removing broken seeds and foreign objects. An occasional rinse during the day––as indicated in the Basic Sprouting Guide––and you have rich. Store unused sprouts in refrigerator to retard further growth. the only equipment needed for sprouting can easily be found in your home. Piece of cotton gauze. Experiment! Don’t be afraid to try something new—there’s not much you can do to hurt sprouts! After a few tries. pick out the ―sinkers‖). Cull out ―floaters‖ or ―sinkers‖ (―floaters‖ when majority of seeds rest on bottom—when majority float. some air. Here’s the short list of equipment: Quart jar.2 Basic Sprouting Guide Basic Sprouting This chapter is designed solely to help readers realize the importance of sprouting in their food storage program—and now is the time to start learning how to sprout! It summarizes the basic information needed to either become an accomplished sprouter or to improve your sprouting acumen. Secure gauze (or nylon fabric) over the mouth of the jar with the rubber band (or jar ring). always draining well to prevent souring of sprouts. a small spot on the windowsill. Rinse them again gently in warm water to remove contaminants. or as directed in the Basic Sprouting Guide in a warm location in the kitchen. sprout. Sprouts generally achieve peak palatability. Past this point. or seeds for batch. The Basic Sprouting Guide gives the recommended sprout length for each seed. All that’s required is some moisture. Soak 6–8 hours. or place on the countertop under a kitchen towel. when the sprout has more ―chewiness‖ and has a more substantially developed flavor. you’ll discover at which stage of sprout development your family prefers different sprouted seeds. When sprouts attain desired length. and then place in kitchen cabinet. and Voilà! — a basic and inexpensive sprouting equipment for Basic sprouting! Sprouts require no fertilizer. and potency within 2–3 days. Check the Guide for specifics when sprouting. Strong rubber band (or sealing ring for quart jar). eat the whole thing—seed. . but with some seeds. it’s better to wait until the shoot is longer. Place measured amount of seeds in jar that is half-full of warm water. as the sprout is actually becoming a plant. follow these general directions: Measure the appropriate amount of beans. they tend to become bitter and woody. nylon net. grain. and beans. Sprouts are best when they taste best to you! Basic Sprouting Equipment BASIC SEED SPROUTER –– Generally. To utilize the Basic sprouting method. Then drain seeds well by turning bottle upside-down. sprouts may be used any time after the shoot emerges from the seed. (Be sure to place jar where it’s warm. Leave it angled to one side in the sink or dish drainer for a few minutes. durable fabric. or in the window covered with a dark towel so germination may begin. nutrient-dense food at very low cost. The Basic Sprouting Guide points out some special handling requirements for particular seeds. or pantyhose top—any clean. Actually. grains. others when 4–5 days old. with a few exceptions. Step-by-Step Basic Sprouting Method There are only a few general rules for sprouting—it’s practically foolproof! Almost all seeds are sprouted the same way. on the counter.) Drain and rinse seeds 2–3 times each day (or as directed by the Basic Sprouting Guide. Some like sprouted seeds best after they have sprouted just 48 hours. and roots—for a healthier meal or snack. highest vitamin content. Allow to drain once more. a small place in a kitchen cabinet.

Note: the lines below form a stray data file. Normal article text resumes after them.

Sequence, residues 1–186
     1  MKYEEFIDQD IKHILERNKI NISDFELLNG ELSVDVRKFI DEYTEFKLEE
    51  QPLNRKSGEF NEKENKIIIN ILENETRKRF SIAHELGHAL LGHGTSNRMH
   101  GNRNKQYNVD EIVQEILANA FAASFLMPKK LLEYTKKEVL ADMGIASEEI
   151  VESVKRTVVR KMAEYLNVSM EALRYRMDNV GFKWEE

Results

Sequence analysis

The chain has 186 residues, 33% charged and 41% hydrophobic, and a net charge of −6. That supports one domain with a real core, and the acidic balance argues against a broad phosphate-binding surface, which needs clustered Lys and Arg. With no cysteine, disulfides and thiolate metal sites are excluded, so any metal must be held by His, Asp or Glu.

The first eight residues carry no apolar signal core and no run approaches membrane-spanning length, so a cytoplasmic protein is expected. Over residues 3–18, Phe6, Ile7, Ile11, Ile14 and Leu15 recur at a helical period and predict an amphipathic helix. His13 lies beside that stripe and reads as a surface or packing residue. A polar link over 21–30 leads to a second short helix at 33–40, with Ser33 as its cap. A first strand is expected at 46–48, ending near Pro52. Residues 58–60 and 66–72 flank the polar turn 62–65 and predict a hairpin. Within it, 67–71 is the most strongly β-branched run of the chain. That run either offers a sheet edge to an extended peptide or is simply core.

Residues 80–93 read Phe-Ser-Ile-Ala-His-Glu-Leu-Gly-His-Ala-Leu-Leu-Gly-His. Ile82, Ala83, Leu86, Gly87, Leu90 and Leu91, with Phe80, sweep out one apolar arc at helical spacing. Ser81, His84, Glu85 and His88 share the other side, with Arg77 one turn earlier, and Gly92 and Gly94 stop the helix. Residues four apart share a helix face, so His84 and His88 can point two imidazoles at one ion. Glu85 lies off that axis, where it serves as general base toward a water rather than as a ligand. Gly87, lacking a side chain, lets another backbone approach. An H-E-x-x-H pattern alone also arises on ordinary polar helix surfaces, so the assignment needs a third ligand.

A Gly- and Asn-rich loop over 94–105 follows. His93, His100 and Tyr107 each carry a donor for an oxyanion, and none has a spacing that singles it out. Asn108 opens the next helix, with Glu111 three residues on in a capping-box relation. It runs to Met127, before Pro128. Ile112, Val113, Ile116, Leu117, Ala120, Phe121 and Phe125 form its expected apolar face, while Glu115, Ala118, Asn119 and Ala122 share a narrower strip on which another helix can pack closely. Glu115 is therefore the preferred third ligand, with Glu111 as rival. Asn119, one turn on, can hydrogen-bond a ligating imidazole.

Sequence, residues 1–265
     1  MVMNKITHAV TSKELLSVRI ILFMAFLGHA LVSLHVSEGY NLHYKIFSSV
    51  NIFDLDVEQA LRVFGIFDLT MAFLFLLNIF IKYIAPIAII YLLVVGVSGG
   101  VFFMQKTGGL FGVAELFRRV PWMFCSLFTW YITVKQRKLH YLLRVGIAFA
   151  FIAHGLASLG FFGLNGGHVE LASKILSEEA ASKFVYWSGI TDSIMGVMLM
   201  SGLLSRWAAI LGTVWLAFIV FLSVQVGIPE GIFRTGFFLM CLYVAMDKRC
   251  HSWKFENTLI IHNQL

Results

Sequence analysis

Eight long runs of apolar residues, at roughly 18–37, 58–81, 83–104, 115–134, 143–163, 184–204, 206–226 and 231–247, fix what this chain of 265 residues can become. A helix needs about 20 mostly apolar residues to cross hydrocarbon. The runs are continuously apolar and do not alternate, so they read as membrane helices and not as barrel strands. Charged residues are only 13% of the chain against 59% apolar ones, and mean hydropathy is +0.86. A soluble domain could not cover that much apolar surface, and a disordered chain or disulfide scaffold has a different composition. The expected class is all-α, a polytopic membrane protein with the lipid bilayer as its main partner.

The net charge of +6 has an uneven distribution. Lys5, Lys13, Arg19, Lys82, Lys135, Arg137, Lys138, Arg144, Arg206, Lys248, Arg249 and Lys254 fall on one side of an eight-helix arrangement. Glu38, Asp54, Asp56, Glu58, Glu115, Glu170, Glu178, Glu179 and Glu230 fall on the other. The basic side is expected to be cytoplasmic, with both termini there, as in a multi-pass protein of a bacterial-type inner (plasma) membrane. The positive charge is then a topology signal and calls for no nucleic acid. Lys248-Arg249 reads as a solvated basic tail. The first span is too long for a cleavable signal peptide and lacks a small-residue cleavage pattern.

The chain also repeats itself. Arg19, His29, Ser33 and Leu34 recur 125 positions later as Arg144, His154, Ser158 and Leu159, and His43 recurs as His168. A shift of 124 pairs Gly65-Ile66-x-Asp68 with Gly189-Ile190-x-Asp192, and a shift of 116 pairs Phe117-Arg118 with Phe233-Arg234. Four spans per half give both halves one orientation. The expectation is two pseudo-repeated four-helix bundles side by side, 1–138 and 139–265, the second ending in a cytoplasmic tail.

clover. you can create your own designer or gourmet sprout combination by mixing and matching your favorite grains. garbanzo. chopped. or clover sprouts—for taste and color. or whole sprouts –– alfalfa. they would fill many cookbooks! Before going to the cost and effort to buy other books on sprouting. Children especially like to help with this kitchen duty. and any anti-nutrients in the bean family are nullified when cooked. garbanzo. corn. There are so many ways to utilize sprouts. clover. radish. or radish sprouts—or all simultaneously! Grind or chop very fine either: alfalfa. and beans in the same batch. pea. Sprouting is not only one of the keys to nutritional stability—a potential lifesaver—but is also a great moneysaver. sandwiches. pea. pinto. lima. too. In fact. seeds. leaving more of your time for the more complicated and time-consuming household and kitchen duties. radish. mung. Add whole. and once you get the hang of it. in salads. practically no failures.Kitchen Gardening 3 Ideas for Using Sprouts Using sprouts varies the menu. chia. 3 1 1 . flour and /2 C. ground chia. and/or some green peppers—try these in a game-time snack bowl over white rice that is steamed to perfection! Add whole alfalfa. casseroles. find a book by searching the Internet for Sprouting information. and/or watercress! If you get too much flavor. Baking Home-baked goods: Enhance by adding whole or chopped sprouts. Suggested Uses for Sprouts Use In Suggestions Stir-fry Mashed potatoes Vegetable juices Sautéed vegetables Steamed vegetables Rice Soups Add any of these sprouts to vegetables–– alfalfa. lentil. The basic rule for substituting sprouts in any bread recipe is: Substitute 1 C. chia. radish. Baked beans: Add any sprouted bean with short sprout—best when bean has just split open by plant growth—try lentil. or navy bean sprouts. sprouts in any bread or flour recipe for /2 C. or watercress sprouts for zingggg! These intensely flavored sprouts are especially good with sliced onion. boiled. sautéed. There is no waste in preparation. adds bulk to recipes. or wheat sprouts during the final 2 min. corn. cabbage. chia. pea. pea. too! Make Basic Sprout-8 with sprouts––tomato juice. making additional sprout combinations until you get the taste you prefer. or stir-fried—you’re limited only by your imagination! In fact. barley. lentil. start with any one sprout. Breadmaking Breads: Ordinary homemade breads become more eye-appealing with sprouts peeking through the crust and seen throughout the loaf. liquid. to rice dishes and to steamed rice after cooking—but just before serving! For flavor or thickening. finely chopped. add chopped or whole sprouts––corn. radish. pancakes or breads. no fuel required to prepare them. This allows customization for your eating pleasure and maximizes your inventory of sproutables. lettuce. mung. lentil. Sprouts add great taste and greater nourishment in each delicious slice! Some care is required when adding or substituting sprouts in bread recipes. gourmet entrées. soups. mung. See Soup Recipes section on the next page for specifics. barley. Should you need additional information about advanced sprouting techniques. Sprouts are versatile––they can be used in so many ways. radish. steamed. teas. most elementary schools teach sprouting as part of the curriculum. try some of the following ideas first. raw. a clove of garlic. clover. mung. Bean sprouts are even more palatable and digestible when cooked before eating. steaming time. or watercress. A child’s natural inquisitiveness will help him master sprouting in a short time. Add cabbage. Eat them as fresh sprouts. mung. and improves the flavor of many ordinary dishes. garbanzo. or wheat.